Magazine article Real Estate Issues

Editor's Statement

Magazine article Real Estate Issues

Editor's Statement

Article excerpt

Richard Marchitelli

The state of real estate counseling in Summer 2000 can be characterized as busy. A variety of factors have created a frenetic business environment. Paradoxically, however, there are signs of a lack of creativity in problem-solving and a growing criticism by the users of counselors' services. To understand these phenomena, one has to step back and examine the fundamental nature of real estate counseling and the forces shaping its evolution.

As articulated many times before, counseling is not a discipline itself, but rather a process that involves a number of different disciplines. Solution to a specific real estate-related problem normally requires the interaction of several disciplines such as finance, research, property and portfolio management, valuation, law, accounting, etc. While a counselor must necessarily be an expert in one or more such disciplines, engagements require a multidisciplinary approach that is often beyond the expertise of an individual or even a single company.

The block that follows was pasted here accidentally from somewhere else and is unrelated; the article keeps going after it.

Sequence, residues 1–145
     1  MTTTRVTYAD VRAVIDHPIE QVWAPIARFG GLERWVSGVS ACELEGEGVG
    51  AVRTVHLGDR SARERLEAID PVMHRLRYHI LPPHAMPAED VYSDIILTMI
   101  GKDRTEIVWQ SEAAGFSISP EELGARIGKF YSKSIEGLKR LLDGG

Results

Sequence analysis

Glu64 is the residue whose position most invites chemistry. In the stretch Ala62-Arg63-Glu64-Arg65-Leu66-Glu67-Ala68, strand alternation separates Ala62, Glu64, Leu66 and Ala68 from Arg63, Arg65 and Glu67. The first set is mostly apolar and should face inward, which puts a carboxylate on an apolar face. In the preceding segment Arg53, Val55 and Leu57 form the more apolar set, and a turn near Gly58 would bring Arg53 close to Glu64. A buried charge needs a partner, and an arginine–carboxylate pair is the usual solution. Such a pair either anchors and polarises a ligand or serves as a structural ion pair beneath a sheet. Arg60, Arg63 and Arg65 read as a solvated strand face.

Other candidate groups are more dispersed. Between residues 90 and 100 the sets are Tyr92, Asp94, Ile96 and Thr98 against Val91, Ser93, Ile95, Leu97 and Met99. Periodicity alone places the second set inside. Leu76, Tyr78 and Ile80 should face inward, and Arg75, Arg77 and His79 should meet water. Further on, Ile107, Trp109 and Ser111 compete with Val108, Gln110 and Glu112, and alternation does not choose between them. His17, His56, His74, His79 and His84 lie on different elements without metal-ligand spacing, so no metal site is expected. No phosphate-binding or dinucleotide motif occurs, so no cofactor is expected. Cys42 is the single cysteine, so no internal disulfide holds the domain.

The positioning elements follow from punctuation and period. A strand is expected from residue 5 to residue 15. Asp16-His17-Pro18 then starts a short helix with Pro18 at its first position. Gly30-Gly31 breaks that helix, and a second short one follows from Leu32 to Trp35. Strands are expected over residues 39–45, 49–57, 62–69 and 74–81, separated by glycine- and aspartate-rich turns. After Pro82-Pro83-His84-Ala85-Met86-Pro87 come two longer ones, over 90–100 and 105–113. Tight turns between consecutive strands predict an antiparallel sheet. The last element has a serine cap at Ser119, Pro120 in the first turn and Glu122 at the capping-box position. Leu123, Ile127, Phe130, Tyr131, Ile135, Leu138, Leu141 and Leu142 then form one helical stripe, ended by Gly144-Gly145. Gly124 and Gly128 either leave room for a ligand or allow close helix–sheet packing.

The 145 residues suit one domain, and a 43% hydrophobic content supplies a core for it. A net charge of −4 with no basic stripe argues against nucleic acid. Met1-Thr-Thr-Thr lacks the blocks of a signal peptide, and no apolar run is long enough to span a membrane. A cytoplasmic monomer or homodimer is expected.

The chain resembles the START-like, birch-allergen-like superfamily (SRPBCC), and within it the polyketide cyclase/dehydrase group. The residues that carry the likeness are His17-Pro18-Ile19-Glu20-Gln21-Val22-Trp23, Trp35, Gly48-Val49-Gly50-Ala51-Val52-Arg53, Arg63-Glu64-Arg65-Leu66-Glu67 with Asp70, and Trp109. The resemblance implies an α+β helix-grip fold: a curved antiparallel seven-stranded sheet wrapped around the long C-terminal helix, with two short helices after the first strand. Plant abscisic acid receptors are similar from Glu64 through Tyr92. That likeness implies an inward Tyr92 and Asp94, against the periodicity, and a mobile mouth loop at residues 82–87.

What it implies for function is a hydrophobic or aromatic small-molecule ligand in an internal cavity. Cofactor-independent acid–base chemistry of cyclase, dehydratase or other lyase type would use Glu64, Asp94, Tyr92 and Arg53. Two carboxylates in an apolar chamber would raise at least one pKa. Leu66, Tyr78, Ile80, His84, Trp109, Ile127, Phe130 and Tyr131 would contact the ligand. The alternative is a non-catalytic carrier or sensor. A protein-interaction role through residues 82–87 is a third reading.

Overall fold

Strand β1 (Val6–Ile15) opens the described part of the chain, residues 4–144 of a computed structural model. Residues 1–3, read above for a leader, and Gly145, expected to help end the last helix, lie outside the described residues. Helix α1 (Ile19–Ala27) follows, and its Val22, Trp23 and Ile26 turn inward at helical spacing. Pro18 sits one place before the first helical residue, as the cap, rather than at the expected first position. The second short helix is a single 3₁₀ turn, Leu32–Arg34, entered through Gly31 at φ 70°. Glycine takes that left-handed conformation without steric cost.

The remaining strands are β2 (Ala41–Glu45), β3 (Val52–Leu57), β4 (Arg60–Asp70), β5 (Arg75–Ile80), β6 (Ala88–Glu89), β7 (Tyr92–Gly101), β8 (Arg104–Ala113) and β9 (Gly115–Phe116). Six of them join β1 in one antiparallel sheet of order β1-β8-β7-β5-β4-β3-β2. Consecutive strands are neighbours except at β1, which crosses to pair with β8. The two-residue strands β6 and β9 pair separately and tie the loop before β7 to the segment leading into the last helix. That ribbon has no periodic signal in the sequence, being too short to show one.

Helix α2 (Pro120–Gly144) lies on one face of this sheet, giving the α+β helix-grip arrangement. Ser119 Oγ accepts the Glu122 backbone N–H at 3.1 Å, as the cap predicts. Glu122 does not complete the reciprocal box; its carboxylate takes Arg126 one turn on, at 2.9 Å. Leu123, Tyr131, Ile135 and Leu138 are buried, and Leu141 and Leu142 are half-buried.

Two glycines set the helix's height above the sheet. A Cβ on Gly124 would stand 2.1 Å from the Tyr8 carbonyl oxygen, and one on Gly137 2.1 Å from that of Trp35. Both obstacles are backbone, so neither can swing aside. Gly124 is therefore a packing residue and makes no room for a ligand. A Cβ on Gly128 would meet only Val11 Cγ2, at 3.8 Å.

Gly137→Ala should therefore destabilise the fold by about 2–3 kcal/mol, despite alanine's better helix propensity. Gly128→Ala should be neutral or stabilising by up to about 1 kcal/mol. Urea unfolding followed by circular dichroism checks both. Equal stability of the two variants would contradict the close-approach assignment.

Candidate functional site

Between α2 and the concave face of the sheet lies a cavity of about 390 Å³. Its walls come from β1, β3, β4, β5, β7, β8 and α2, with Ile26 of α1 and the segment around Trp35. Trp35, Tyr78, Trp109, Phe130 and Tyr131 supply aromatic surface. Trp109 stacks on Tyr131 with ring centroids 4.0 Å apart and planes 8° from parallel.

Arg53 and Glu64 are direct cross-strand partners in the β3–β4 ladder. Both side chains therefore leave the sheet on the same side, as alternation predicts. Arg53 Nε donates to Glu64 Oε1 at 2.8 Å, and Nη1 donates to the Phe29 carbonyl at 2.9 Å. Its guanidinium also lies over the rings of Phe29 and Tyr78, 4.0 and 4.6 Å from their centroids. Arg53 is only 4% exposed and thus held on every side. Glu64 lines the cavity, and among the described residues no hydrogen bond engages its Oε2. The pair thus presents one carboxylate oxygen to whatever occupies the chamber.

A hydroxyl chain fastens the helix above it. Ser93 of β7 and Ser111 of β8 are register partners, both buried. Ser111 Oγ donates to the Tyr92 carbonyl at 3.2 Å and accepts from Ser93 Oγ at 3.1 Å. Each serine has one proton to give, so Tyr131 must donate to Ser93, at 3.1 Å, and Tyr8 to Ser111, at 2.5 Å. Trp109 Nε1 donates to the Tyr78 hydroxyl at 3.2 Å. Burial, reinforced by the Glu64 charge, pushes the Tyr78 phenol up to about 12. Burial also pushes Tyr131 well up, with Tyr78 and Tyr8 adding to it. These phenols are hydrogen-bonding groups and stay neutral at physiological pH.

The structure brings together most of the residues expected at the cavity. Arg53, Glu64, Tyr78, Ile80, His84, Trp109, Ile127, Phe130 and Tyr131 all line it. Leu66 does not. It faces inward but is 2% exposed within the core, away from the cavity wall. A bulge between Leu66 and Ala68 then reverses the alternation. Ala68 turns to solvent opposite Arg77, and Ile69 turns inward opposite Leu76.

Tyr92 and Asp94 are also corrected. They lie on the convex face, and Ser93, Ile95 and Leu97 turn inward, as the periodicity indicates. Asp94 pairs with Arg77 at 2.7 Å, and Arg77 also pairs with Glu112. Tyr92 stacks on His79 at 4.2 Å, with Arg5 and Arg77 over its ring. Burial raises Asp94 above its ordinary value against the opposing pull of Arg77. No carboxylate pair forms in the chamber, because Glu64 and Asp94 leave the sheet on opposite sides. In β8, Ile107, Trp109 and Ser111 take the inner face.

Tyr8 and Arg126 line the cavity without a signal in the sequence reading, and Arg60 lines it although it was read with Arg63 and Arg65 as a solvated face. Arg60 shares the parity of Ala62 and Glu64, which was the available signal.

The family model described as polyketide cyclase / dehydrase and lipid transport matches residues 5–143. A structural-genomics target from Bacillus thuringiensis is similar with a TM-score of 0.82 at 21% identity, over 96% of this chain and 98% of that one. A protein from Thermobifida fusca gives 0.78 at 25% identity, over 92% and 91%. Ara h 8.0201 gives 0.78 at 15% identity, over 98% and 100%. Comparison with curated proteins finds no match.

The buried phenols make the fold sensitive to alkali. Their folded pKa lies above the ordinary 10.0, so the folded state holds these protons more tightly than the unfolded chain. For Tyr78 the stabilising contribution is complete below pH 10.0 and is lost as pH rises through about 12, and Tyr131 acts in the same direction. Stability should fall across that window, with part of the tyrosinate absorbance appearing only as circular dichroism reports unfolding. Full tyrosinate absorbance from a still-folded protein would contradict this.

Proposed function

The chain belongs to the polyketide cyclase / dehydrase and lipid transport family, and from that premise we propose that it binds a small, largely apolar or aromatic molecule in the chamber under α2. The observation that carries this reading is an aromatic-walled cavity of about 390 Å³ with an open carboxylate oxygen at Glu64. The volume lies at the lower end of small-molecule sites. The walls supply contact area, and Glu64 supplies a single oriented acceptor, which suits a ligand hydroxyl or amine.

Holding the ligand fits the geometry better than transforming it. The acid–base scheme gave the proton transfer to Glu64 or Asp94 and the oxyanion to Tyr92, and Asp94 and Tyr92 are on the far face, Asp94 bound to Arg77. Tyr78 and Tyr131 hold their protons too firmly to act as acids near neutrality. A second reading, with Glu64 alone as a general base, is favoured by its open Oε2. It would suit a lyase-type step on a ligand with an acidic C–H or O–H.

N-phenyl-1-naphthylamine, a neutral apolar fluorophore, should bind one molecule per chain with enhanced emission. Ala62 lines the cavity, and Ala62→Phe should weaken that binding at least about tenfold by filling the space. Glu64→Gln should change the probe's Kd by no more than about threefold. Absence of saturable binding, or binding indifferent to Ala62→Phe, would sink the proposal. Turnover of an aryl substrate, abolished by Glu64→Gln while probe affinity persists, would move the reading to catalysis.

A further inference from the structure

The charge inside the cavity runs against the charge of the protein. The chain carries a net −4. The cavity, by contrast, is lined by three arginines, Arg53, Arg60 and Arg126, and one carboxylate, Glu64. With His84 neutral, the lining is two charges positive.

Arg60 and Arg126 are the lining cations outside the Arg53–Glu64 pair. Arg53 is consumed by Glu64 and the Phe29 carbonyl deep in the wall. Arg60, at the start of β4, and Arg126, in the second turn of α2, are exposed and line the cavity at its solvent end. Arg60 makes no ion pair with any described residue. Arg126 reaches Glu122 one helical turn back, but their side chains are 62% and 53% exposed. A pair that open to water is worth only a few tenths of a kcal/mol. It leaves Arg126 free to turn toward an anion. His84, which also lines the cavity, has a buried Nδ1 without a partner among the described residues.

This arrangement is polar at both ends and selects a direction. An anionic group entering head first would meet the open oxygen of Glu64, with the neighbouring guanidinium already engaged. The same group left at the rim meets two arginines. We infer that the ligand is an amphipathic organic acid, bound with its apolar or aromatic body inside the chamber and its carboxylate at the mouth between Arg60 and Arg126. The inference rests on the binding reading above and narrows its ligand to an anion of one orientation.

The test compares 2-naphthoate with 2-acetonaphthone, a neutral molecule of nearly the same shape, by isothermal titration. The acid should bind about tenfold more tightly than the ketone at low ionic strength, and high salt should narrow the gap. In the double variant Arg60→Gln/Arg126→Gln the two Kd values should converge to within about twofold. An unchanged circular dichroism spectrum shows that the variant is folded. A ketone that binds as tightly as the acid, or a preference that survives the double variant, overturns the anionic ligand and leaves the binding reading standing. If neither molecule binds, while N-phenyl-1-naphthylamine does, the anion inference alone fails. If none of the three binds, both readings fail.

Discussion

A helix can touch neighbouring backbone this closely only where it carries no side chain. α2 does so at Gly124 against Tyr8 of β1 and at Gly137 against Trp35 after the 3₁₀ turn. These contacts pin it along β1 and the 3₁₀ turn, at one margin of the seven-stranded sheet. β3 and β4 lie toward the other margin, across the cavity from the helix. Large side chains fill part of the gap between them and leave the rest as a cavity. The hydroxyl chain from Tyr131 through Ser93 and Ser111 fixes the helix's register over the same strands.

Challenges to contemporary real estate counseling are two-fold. First, there is the trend towards specialization, which is a singularly positive development. As the body of knowledge of each discipline has grown, counselors have been forced into specialization within their own area(s) of expertise. This trend is necessary and irreversible. It has occurred in medicine, law, and accounting. It is inevitable that other disciplines should follow. Because of his/her unique role in the process of counseling, a real estate consultant must also be exceptionally diligent about keeping abreast of changes in other disciplines. …

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